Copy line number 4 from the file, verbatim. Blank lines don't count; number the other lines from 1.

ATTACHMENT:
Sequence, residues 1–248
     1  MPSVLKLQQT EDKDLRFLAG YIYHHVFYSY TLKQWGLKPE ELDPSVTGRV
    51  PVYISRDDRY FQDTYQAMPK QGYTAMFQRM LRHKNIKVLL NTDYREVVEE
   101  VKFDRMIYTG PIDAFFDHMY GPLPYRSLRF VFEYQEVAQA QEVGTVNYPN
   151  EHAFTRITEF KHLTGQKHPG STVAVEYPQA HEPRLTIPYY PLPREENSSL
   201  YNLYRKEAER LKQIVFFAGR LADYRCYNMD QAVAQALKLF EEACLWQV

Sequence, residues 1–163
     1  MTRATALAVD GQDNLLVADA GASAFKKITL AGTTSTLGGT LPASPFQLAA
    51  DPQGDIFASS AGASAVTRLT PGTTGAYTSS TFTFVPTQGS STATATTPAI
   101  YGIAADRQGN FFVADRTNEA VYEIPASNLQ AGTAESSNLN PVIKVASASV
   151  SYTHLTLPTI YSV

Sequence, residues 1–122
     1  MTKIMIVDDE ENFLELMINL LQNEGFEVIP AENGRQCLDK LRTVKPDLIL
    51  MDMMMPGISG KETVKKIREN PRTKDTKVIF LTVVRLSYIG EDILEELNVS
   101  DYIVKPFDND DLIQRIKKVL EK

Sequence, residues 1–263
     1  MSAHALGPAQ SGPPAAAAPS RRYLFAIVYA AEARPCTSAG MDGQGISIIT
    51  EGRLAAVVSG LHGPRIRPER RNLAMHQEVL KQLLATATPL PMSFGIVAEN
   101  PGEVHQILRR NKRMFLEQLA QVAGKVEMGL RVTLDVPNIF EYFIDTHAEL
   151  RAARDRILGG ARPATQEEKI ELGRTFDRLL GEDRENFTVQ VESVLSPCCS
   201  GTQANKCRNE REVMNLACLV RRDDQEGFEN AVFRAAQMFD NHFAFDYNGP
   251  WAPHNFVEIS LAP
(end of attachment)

   101  VKFDRMIYTG PIDAFFDHMY GPLPYRSLRF VFEYQEVAQA QEVGTVNYPN